I mean, the Senate has put forward a package -- Senate Democrats have put forward a proposal that does not ask much in terms of hard choices of Senate Republicans, but it does represent balance. And it would only buy down the sequester for a number of months until the end of the year.
But, obviously, for the bigger task of completing the $4 trillion-plus target of deficit reduction over 10 years, yes, we would include all of those, including the 28-percent cap that I spoke about.
Q: Now, I understand the administration prefers a buy-down, but would you be open to just buying some time, maybe flexibility for two or three weeks, if you believe that would give you an opening to negotiate something to prevent sequester from happening, have the flexibility that with over the course of two or three weeks --
MR. CARNEY: I'm not sure what that means, "the course of two or" --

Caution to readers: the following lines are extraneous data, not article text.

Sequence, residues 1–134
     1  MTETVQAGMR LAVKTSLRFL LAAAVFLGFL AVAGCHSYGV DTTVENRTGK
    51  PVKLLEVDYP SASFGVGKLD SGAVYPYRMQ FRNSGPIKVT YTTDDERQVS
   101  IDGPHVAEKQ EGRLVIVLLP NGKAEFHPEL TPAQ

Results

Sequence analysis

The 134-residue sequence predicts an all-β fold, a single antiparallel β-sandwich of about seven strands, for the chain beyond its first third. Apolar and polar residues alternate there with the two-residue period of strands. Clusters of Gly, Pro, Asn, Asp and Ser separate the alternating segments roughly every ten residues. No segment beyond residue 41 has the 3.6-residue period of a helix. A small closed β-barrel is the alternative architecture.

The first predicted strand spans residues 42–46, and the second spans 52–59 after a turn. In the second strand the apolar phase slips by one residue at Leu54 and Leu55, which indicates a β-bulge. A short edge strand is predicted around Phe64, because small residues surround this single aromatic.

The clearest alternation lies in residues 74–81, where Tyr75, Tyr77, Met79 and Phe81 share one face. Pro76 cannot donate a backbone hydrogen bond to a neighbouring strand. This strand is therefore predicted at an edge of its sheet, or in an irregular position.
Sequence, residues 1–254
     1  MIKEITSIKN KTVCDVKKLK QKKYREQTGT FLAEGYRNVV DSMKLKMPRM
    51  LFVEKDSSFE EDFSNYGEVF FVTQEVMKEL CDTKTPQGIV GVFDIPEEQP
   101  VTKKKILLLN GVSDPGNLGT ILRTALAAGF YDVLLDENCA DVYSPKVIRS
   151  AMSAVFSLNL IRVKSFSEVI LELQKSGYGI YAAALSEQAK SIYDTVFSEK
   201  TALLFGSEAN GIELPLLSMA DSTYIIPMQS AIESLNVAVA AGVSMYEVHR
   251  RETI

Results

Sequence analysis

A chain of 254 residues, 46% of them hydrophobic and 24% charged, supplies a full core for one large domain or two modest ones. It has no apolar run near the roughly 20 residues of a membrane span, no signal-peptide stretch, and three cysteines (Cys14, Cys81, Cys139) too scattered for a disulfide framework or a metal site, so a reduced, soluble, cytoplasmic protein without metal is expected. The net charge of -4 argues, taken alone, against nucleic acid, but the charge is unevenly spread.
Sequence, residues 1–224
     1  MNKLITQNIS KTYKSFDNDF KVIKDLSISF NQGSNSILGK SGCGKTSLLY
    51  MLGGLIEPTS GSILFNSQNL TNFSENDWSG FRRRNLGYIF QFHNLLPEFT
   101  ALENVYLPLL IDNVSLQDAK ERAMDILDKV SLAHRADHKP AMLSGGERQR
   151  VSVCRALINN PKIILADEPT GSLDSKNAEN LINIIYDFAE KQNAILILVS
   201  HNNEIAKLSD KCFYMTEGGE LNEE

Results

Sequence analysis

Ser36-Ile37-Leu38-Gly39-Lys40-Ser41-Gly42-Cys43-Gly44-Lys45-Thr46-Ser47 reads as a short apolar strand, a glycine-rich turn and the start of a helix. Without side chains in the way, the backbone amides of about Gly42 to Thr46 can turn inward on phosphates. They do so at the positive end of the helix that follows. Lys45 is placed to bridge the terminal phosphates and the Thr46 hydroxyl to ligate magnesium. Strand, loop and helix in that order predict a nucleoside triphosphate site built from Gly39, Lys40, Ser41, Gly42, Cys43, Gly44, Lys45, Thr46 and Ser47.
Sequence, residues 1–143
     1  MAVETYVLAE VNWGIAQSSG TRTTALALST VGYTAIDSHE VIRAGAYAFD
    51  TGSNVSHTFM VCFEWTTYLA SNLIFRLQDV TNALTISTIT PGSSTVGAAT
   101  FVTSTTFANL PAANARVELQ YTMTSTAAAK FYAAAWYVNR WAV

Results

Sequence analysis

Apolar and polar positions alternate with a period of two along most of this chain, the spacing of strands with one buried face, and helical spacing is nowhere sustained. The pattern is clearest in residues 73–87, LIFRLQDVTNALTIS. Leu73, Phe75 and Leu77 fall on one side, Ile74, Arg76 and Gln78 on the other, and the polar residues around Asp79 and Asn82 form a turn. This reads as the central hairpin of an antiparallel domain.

Q: Flexiblity to carry out for an agreed upon period of time, maybe two or three weeks, whatever the sequester calls for, but give you all the wide flexibility --
MR. CARNEY: Well, unless you're working with congressional offices to write legislation, I haven't --
Q: I'm just saying, would you be able to do that?
MR. CARNEY: I wouldn't speculate about what Congress may or may not do. What is absolutely the case is that there's no -- to go back to my answer before, there is no amount of flexibility you could introduce here, given the size of the cut --
Q: Even for two or three weeks to buy you time for more negotiations?